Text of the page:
Date:                            October 6, 2023

Anti-conversion laws and radical Hindu nationalists hinder religious freedom
10/06/2023 India (International Christian Concern) – International Christian Concern (ICC) has released a report that outlines worsening religious freedoms for Christians and other religious minorities in India. 

As India recently celebrated its 76th anniversary of its independence on August 15, the country is further from its roots as a secular democracy. Led by the Bharatiya Janata Party (BJP), a right-wing religious nationalist party, India is moving rapidly to restrict the rights of religious minorities across the country.   
Legally, the rise of anti-conversion laws criminalizes minority religious expression by making it illegal to convert, or try to convert, members of another faith. In practice, Christians and Muslims are the ones charged under these laws. Acts as innocuous as talking about heaven or offering snacks after a church service fall afoul of the laws. 

Other legal barriers, like those barring Christians and Muslims from social welfare schemes, also serve to hinder religious freedom. Socially, Hindu nationalism restricts freedom across India by fueling mob violence against Christians and Muslims.  

ICC’s report considers the recent outbreak of violence against Christians in Chhattisgarh and the ongoing ethnoreligious violence happening in Manipur. Both instances are indicative not only of the state of religious freedom in India but the Indian government’s lackluster response and its refusal to extend substantive protections to religious minorities.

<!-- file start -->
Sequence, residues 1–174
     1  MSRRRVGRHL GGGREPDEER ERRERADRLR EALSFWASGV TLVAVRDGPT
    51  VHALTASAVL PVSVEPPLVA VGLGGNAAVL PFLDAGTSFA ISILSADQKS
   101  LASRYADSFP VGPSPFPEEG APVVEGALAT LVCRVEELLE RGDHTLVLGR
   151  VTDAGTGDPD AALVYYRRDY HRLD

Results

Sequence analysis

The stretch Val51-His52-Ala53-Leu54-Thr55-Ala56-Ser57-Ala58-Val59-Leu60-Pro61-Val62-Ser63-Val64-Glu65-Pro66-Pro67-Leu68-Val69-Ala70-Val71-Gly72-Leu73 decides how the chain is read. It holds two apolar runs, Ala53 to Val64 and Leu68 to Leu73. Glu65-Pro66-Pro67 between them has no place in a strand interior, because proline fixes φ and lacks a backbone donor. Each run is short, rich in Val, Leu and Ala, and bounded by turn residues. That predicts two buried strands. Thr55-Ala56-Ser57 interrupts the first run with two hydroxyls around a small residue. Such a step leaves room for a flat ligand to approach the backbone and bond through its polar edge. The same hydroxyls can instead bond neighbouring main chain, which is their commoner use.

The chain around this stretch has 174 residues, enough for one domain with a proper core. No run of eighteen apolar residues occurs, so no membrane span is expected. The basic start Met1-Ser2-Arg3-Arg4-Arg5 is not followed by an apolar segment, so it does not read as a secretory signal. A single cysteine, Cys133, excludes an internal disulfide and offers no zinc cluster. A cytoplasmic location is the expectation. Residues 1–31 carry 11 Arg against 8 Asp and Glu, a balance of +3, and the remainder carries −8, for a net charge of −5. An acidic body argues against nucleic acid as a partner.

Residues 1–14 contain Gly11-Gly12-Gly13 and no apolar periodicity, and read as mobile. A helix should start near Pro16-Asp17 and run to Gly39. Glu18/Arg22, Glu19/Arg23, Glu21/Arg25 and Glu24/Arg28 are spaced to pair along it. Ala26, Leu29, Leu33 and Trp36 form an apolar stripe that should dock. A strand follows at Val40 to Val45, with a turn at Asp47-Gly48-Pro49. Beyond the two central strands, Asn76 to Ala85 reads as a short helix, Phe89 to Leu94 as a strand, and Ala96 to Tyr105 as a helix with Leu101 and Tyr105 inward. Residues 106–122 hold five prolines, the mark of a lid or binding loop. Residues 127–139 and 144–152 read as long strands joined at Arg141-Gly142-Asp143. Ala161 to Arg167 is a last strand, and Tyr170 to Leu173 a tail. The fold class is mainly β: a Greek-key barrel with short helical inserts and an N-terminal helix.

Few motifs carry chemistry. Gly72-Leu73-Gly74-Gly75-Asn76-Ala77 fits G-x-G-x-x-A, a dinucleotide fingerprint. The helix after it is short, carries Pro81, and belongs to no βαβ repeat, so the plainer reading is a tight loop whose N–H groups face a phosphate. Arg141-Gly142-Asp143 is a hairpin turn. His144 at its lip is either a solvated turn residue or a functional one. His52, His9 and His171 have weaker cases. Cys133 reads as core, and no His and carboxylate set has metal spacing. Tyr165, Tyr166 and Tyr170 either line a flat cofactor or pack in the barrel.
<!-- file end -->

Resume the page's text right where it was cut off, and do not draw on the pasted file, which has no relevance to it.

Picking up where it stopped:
This report also suggests several policy recommendations to the U.S. government, which has, for decades, taken a soft line with the Indian government on human rights. Its priority, it would seem, is to placate an important geopolitical ally in its fight against growing Chinese global influence. Though the U.S. does highlight India’s religious freedom issues on occasion, it is not consistent in its messaging and has thus far chosen to avoid the most potent tools at its disposal including sanctions. 

To read the full report, click here

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Since 1995, ICC has served the global persecuted church through a three-pronged approach of assistance, advocacy, and awareness. ICC exists to bandage the wounds of persecuted Christians and to build the church in the toughest parts of the world.